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  1. Florent V.

    The WHAT-WG changed a few definitions and now you can’t micromanage insignificant semantics the way you wanted to. This is really sad.

    Seriously:

    - The idea that there should be a defined semantic construct for everything in HTML is flawed.

    - DIALOG was removed because of that. If HTML5 defines DIALOG, then it is entitled to define roughly 50 more semantic constructs inherited from existing print or online publications. BIBLIOGRAPHY, COMMENTS, WHATEVER. The choice of the WHAT-WG is to not offer specific semantics for every relatively popular use case out there, as that would make the spec more bloated (and most authors would just ignore those constructs and never actually use them). I think that’s a sound decision.

    - Obviously the spec still has some strange constructs. The transformation of DT and DD as a generic means to associate text content to an element (text to text, text to image) is a strange move. Is such a generic construct was needed, creating it would have been better in my opinion.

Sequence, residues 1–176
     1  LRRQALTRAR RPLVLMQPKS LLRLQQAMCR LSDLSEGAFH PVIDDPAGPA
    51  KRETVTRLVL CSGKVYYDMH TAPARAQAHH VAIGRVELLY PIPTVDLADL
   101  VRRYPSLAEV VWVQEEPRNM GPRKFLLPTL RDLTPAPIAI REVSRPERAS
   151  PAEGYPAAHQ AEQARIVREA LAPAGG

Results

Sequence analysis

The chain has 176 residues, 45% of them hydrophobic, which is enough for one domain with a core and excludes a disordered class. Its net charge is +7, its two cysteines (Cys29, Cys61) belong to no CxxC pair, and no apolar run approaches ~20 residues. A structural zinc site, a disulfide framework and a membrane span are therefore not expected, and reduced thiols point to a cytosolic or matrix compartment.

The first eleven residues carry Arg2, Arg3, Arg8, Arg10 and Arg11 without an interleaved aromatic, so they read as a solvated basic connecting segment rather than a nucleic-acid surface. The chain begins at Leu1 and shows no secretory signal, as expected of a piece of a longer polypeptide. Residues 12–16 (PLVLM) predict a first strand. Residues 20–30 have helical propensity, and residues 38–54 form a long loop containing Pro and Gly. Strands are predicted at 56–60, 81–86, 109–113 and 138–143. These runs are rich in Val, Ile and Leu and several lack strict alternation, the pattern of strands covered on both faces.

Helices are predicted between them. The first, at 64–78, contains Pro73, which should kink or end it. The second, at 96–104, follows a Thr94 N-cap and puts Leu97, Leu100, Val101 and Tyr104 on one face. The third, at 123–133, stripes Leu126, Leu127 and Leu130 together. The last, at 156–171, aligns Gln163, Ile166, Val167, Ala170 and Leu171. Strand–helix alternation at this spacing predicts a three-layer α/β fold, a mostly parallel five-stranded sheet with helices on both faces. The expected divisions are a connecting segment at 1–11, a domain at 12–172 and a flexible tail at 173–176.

- I won’t cry over the restriction in meaning of CITE. I was already using it for publications only, not people. One difference between people and publications is that you will want to always tag publication names with CITE, while you won’t want to always highlight a person’s name. Highlighting a person’s name is a more discretionary move, so resorting to neutral elements (SPAN) or an occasional STRONG element is a good move in my opinion.

    - I consider your use of an OL list to be some kind of abuse of that element. Likewise for the use of UL/LI for marking up comments in this very page. We should stop putting OL and UL everywhere because it’s “more semantic” (ha!). We shoud think about the benefits and inconveniences of the (loose) semantics we use when doing that. One funny thing about that trend of over-using lists is that’s it’s mostly done by English-speaking writers and coders, while the French ones don’t seem to do it (or not as much). I think it may come down to a few articles in English by influential HTML-CSS bloggers.

    I’ll respond to your riot incitation with another: stop obsessing over semantic micromanagement, people! Also, test in screen readers, that helps avoiding problematic semantic constructs (though screen readers may be wrong, too).